Powerful earthquake hits Mexico, capital
Early reports listed it as a magnitude of 7.2. There were no reports of injuries.
MEXICO CITY - A powerful earthquake shook a wide area of Mexico on Friday, terrifying residents and sending many fleeing into the streets.
There were no initial reports of serious injuries or major damage in the capital.
The U.S. Geological Survey said the quake, which occurred about 9:30 a.m., had a preliminary magnitude of 7.2, which would make it one of the stronger temblors registered in Mexico City in several years. It was 14 miles deep and was felt in nine of Mexico's 31 states, in addition to the capital, according to the agency, with the epicenter in the coastal state of Guerrero, about 200 miles southwest of the capital.
In Mexico City, buildings, statues, and lampposts swayed and windows shattered during the quake, which lasted nearly a full minute. Civil protection authorities said at least 48 buildings had new cracks and that 15 retaining walls had collapsed.
Some residents fled their houses barefoot and carrying pillows. The quake temporarily knocked out electricity, traffic lights, and cellphone service in some parts of the capital.
Mexico City Mayor Miguel Angel Mancera, who was at a Good Friday news conference when the quake hit, viewed the damage from a helicopte. He urged residents to remain calm and brace for aftershocks.
"The important part is that we have no reports of injured people," he told reporters. "We did see that many buildings were evacuated of their people, and we are continuing to survey the capital."
Ricardo de la Cruz, civil protection chief for the Interior Ministry, said, "We have only gotten reports of minor damage."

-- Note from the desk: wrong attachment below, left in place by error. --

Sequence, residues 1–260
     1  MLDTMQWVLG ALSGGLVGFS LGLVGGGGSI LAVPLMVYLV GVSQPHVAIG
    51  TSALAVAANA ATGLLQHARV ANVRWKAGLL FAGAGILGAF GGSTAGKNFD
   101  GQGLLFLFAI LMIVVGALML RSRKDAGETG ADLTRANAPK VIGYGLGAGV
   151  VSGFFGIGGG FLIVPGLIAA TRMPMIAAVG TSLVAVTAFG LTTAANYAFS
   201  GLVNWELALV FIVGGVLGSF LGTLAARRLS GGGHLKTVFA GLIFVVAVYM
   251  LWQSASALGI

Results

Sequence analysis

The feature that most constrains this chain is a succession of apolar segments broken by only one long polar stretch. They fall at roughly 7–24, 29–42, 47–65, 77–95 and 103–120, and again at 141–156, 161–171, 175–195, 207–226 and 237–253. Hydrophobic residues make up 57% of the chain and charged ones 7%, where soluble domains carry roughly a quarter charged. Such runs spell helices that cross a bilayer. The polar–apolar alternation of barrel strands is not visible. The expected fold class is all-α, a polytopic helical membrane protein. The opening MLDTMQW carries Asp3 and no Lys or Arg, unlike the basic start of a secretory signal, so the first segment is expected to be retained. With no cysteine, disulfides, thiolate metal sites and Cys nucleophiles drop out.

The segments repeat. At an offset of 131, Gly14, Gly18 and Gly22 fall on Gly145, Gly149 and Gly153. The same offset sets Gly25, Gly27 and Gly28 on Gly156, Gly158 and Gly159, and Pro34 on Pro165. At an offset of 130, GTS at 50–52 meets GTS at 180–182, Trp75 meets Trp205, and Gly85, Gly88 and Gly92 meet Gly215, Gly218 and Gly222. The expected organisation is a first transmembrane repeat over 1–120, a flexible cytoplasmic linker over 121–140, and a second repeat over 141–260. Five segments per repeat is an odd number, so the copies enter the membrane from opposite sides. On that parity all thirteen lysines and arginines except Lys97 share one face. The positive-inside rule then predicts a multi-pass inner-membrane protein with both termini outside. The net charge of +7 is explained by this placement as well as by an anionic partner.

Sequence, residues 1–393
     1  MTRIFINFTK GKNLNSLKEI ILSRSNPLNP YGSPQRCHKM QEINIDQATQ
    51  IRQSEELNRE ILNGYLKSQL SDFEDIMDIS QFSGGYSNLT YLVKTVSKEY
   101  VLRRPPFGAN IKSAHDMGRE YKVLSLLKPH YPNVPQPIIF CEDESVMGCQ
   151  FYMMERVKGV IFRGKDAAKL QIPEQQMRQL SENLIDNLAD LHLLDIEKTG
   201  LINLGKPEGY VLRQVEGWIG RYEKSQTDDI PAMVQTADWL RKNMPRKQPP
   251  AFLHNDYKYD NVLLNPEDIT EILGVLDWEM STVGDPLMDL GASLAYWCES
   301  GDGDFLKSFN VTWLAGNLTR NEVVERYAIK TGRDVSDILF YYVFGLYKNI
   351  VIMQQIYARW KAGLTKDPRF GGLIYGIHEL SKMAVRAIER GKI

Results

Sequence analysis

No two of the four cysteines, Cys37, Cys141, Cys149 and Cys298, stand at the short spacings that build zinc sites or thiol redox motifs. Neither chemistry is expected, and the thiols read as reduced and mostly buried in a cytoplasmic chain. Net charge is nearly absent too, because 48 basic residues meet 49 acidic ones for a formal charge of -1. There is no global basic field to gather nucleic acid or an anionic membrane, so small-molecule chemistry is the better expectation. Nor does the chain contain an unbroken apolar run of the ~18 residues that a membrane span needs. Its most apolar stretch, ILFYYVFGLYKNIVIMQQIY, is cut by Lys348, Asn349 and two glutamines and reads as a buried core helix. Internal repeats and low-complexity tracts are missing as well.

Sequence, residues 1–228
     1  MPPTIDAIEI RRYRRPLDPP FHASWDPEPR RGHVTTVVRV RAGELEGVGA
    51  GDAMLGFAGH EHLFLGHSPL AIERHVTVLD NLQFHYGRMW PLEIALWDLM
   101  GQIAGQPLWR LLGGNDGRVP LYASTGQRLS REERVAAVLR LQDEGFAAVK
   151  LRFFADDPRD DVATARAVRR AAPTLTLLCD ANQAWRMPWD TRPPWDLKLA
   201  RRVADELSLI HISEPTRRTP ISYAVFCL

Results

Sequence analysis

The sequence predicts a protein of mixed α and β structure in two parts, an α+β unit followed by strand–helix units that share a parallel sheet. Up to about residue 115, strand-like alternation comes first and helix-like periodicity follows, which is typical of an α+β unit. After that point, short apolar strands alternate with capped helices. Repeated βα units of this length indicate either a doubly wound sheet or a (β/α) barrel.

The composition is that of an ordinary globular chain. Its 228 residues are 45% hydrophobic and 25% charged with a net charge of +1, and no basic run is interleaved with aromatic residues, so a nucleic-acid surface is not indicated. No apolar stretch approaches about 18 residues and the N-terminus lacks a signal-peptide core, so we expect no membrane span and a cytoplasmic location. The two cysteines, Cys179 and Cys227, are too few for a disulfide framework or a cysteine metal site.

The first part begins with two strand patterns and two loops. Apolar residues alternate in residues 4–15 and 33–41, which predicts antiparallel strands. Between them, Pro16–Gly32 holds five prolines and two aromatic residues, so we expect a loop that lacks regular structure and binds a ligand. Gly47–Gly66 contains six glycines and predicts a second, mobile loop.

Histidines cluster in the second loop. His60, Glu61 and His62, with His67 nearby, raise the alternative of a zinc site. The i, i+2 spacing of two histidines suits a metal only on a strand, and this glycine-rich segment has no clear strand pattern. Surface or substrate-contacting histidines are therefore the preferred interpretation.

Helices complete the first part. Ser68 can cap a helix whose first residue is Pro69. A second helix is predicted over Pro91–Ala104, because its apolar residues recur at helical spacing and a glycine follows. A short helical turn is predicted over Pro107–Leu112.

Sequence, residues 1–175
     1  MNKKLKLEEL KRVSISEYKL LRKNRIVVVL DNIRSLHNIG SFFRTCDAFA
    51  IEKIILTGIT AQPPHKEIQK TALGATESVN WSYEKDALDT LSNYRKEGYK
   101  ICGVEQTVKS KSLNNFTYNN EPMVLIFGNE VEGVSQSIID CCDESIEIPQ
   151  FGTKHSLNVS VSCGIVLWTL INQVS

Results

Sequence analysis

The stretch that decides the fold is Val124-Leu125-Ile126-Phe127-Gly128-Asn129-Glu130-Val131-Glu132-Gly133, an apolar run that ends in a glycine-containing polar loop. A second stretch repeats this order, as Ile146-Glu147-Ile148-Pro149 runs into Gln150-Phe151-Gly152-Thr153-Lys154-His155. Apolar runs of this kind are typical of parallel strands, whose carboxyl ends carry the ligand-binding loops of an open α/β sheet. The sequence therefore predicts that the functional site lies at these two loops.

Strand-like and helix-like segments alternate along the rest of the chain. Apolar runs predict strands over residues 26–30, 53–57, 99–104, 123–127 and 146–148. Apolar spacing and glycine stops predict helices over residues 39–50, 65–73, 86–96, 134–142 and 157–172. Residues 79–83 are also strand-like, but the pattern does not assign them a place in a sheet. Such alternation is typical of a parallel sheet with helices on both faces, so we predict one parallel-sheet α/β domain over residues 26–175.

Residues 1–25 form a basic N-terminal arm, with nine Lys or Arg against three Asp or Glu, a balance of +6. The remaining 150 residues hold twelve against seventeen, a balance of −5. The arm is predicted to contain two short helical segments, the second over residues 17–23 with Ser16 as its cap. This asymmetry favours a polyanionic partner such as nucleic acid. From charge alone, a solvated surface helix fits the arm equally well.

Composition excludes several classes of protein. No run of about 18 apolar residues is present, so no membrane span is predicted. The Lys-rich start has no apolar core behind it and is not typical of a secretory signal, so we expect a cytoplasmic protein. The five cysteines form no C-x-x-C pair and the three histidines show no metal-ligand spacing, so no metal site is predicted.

Good Friday is an important holiday in largely Roman Catholic Mexico, and most businesses were closed and people were home or attending religious services. The elaborate reenactment of the Passion of Christ in the capital's congested Iztapalapa neighborhood went ahead on schedule, and life seemed to be quickly returning to normal.
However, Guerrero, where the Mexican seismological service placed the epicenter south of Petatlan between Acapulco and Zihuatanejo, is a heavily seismic region and is often slow to report damage because of the remoteness of some communities. A 7.4 temblor there in 2012 killed two people and damaged thousands of buildings.
Guerrero Gov. Angel Aguirre tweeted that so far he had received reports only of "minor and isolated" damage.
A bridge on the highway between Acapulco and Zihuatanejo, crowded with holiday tourists, cracked and traffic was halted.
Luis Felipe Puente, another civil protection official, said a tsunami warning for the Pacific Coast was not necessary because waves had risen only about 15 inches. Still, Guerrero urged tourists to take precautions on the beaches, which are traditionally packed this time of year.
In Mexico City, Puente said, authorities had checked the subway, hospitals and the international airport, and all were operating normally.
Much of Mexico City was destroyed and more than 10,000 people were killed in a magnitude 8.1 earthquake in 1985, but officials say they have put more safeguards into place since then.